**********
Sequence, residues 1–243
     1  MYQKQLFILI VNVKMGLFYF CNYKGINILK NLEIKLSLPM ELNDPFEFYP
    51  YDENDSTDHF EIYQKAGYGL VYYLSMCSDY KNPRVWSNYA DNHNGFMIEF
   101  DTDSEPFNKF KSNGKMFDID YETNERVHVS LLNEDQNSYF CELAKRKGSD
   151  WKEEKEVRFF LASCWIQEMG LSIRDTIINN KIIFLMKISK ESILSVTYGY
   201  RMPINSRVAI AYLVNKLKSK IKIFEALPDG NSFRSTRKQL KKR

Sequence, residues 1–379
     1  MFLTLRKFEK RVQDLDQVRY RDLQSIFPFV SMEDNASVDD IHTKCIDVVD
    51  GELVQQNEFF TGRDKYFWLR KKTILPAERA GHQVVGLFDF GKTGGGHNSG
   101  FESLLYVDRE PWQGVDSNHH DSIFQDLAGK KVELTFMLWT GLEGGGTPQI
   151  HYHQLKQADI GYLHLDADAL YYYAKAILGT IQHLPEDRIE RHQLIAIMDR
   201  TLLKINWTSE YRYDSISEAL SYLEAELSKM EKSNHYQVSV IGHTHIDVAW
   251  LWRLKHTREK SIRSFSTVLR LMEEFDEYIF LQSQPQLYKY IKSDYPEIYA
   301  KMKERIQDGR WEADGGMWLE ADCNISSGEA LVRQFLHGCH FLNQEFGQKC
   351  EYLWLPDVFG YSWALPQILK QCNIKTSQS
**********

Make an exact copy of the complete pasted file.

Sequence, residues 1–243
     1  MYQKQLFILI VNVKMGLFYF CNYKGINILK NLEIKLSLPM ELNDPFEFYP
    51  YDENDSTDHF EIYQKAGYGL VYYLSMCSDY KNPRVWSNYA DNHNGFMIEF
   101  DTDSEPFNKF KSNGKMFDID YETNERVHVS LLNEDQNSYF CELAKRKGSD
   151  WKEEKEVRFF LASCWIQEMG LSIRDTIINN KIIFLMKISK ESILSVTYGY
   201  RMPINSRVAI AYLVNKLKSK IKIFEALPDG NSFRSTRKQL KKR

Sequence, residues 1–379
     1  MFLTLRKFEK RVQDLDQVRY RDLQSIFPFV SMEDNASVDD IHTKCIDVVD
    51  GELVQQNEFF TGRDKYFWLR KKTILPAERA GHQVVGLFDF GKTGGGHNSG
   101  FESLLYVDRE PWQGVDSNHH DSIFQDLAGK KVELTFMLWT GLEGGGTPQI
   151  HYHQLKQADI GYLHLDADAL YYYAKAILGT IQHLPEDRIE RHQLIAIMDR
   201  TLLKINWTSE YRYDSISEAL SYLEAELSKM EKSNHYQVSV IGHTHIDVAW
   251  LWRLKHTREK SIRSFSTVLR LMEEFDEYIF LQSQPQLYKY IKSDYPEIYA
   301  KMKERIQDGR WEADGGMWLE ADCNISSGEA LVRQFLHGCH FLNQEFGQKC
   351  EYLWLPDVFG YSWALPQILK QCNIKTSQS